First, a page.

Amnesty punishments softened

Lawmakers ease some on taxpayers who choose not participate in program

Legislators agreed Friday to soften legislation so a financial hammer is not lowered on taxpayers who refuse to settle their tax disputes through a proposed amnesty program.

Baton Rouge lawyer Chris Dicharry told the state Senate Finance Committee that House Bill 456 contained a clause to double the penalties for people who do not participate in the amnesty program.

Dicharry said the language would unfairly punish people when the courts rule against them in good faith disputes. “People are going to hide from amnesty, and they’re going to try to lay low,” he said.

Without any objection, the committee stripped the sentence and sent the legislation to the full House.

“I agree with you. I think it’s unconstitutional and unfair,” state Sen. Greg Tarver, D-Shreveport, told Dicharry about the troublesome clause.

The House advanced HB456 as part of a package of bills designed to generate additional money for a $25 billion state spending plan that funds health care, schools and other public expenses.

The amnesty program is supposed to encourage thousands of taxpayers with outstanding state tax debts to settle with the state.

Taxpayers would be given two years to do so. In the first year, all penalties and interest would be forgiven if tax bills are paid in full. In the second year, a 50 percent discount would be offered on penalties and interest.

The Senate and the House seem to agree on the amnesty program as well as House Bill 653, which would shave the amount of money from state sales taxes that businesses are allowed to keep as a reward for collecting the revenue.

State Sen. Dan Claitor, R-Baton Rouge, expressed amazement Friday that the vendors’ compensation program exists in state law when HB653 went before the Senate Finance Committee.

“Why do we pay them in the first place?” Claitor asked state Sen. Neil Riser, who was handling the bill.

Retailers get to keep a portion of sales tax collections. Oil and gas companies do not get to keep a portion of severance tax collections.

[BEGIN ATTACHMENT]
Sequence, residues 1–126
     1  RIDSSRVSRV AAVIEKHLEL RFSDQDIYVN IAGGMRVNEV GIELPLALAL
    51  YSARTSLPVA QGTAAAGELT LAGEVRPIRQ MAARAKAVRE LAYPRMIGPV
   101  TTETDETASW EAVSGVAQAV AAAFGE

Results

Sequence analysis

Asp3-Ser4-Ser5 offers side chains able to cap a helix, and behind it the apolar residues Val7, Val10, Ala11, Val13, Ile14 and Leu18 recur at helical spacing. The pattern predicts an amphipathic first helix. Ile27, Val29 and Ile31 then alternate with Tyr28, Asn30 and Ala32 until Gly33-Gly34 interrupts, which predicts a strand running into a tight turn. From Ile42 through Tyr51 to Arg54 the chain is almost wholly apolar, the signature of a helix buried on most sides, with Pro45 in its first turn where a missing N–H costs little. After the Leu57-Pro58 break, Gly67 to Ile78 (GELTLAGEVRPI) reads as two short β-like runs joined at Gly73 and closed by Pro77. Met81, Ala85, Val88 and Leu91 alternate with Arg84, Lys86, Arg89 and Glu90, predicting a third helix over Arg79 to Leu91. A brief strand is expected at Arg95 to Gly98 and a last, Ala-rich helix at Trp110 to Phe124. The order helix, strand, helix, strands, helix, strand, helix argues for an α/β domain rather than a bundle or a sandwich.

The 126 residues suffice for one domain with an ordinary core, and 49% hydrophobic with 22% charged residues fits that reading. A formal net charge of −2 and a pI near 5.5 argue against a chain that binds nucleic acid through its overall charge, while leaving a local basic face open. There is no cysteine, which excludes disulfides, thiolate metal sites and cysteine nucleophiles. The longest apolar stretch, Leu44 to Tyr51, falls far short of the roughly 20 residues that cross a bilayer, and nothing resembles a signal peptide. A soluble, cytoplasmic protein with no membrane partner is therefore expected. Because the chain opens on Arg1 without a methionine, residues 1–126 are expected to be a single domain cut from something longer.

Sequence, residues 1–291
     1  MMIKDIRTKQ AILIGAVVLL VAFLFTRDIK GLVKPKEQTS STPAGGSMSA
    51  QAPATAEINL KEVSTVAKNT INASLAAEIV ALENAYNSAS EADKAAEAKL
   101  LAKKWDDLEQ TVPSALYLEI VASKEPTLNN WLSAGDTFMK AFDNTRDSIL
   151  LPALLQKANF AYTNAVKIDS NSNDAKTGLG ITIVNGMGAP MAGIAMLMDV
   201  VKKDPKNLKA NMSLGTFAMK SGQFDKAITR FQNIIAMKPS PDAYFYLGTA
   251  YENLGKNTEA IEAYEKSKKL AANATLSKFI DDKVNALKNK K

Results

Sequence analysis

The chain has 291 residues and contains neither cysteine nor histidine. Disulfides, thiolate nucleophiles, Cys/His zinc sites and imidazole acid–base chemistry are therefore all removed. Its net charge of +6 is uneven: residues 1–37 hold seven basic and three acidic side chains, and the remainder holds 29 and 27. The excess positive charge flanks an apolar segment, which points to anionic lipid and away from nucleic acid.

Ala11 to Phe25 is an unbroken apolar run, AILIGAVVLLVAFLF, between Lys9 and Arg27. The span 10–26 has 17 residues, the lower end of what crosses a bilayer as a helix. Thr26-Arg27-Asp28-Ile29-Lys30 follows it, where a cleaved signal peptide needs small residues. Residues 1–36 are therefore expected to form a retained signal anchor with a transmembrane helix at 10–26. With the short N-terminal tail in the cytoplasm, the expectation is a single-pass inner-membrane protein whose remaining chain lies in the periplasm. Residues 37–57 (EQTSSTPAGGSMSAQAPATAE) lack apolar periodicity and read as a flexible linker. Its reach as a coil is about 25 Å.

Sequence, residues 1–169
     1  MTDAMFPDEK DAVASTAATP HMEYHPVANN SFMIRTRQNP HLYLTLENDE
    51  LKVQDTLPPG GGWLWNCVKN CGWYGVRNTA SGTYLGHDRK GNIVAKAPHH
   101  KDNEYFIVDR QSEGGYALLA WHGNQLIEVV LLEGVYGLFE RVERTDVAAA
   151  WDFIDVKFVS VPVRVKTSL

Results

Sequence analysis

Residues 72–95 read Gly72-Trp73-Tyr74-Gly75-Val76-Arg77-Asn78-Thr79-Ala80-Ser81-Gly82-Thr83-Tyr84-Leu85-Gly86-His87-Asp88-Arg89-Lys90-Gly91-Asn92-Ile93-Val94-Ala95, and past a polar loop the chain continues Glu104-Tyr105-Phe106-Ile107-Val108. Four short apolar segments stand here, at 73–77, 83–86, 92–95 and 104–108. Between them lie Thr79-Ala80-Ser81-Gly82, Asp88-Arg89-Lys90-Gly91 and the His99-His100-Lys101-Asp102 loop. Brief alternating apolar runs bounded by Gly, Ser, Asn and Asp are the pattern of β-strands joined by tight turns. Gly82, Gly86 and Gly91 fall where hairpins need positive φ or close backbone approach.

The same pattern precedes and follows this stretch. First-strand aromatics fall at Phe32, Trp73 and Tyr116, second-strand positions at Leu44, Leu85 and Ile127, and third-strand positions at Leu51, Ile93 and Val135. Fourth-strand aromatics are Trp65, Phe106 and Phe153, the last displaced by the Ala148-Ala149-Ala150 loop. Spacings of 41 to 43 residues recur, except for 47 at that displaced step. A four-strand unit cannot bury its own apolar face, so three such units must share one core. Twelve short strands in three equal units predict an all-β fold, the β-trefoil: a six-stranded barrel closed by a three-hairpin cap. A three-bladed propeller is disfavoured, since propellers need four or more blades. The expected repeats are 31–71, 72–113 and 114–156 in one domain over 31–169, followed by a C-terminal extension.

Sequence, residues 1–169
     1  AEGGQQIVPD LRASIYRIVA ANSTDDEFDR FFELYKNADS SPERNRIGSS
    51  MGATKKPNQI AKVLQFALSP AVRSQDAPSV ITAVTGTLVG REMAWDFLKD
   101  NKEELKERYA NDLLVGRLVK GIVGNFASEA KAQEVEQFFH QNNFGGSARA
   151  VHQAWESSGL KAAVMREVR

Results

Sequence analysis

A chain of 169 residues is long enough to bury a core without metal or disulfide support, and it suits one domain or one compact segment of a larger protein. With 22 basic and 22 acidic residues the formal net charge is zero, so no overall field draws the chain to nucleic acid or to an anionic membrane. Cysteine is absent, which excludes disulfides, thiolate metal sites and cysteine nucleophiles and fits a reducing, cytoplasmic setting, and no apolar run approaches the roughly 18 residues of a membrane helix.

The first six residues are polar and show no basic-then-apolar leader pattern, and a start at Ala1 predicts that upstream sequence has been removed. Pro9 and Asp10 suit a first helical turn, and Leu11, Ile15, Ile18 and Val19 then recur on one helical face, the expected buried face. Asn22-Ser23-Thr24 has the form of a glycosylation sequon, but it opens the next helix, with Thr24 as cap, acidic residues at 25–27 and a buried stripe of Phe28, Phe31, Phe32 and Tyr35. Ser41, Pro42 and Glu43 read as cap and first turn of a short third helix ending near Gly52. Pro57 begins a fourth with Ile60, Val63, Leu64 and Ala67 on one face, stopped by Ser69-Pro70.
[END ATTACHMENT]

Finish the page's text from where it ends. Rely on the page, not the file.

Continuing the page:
Riser, R-Columbia, said that was perplexing to him as well. “We pay some. Don’t pay others,” he said.

The committee advanced HB653 after making some minor changes.

One alteration was to remove a link the House created to ensure the budget bills fall like dominoes if one bill fails. Now each bill would stand on its own.

The two chambers are far apart on some issues.

The Louisiana House purged one-time, or nonrecurring, dollars that Gov. Bobby Jindal wanted to use for funding higher education. The Senate Finance Committee brought some of those dollars back into the bill.

The Finance Committee made changes likely to be favorable to some House members. For example, the panel added dollars to whittle down a waiting list for disabled people who want state-provided services in their homes.

But the committee also gutted bills important to a faction of House Republicans who consider themselves to be stalwart conservatives. Rather than embed changes to the state budget process in the state constitution, the committee basically turned the ideas into pilot programs that would disappear in a few years.

The state Senate meets Saturday to debate House Bill 1, the state operating budget for the fiscal year that starts in July. The bill then will return to the House for concurrence on changes. An agreement between the chambers must be reached by Thursday, when the session ends.

State Sen. Jack Donahue, the Finance Committee chairman, said the two chambers are talking to try to settle upon a budget that works for both sides of the Legislature.

“We’ve had conversations,” he said.

Donahue, R-Mandeville, declined to offer any insight into how the talks are going.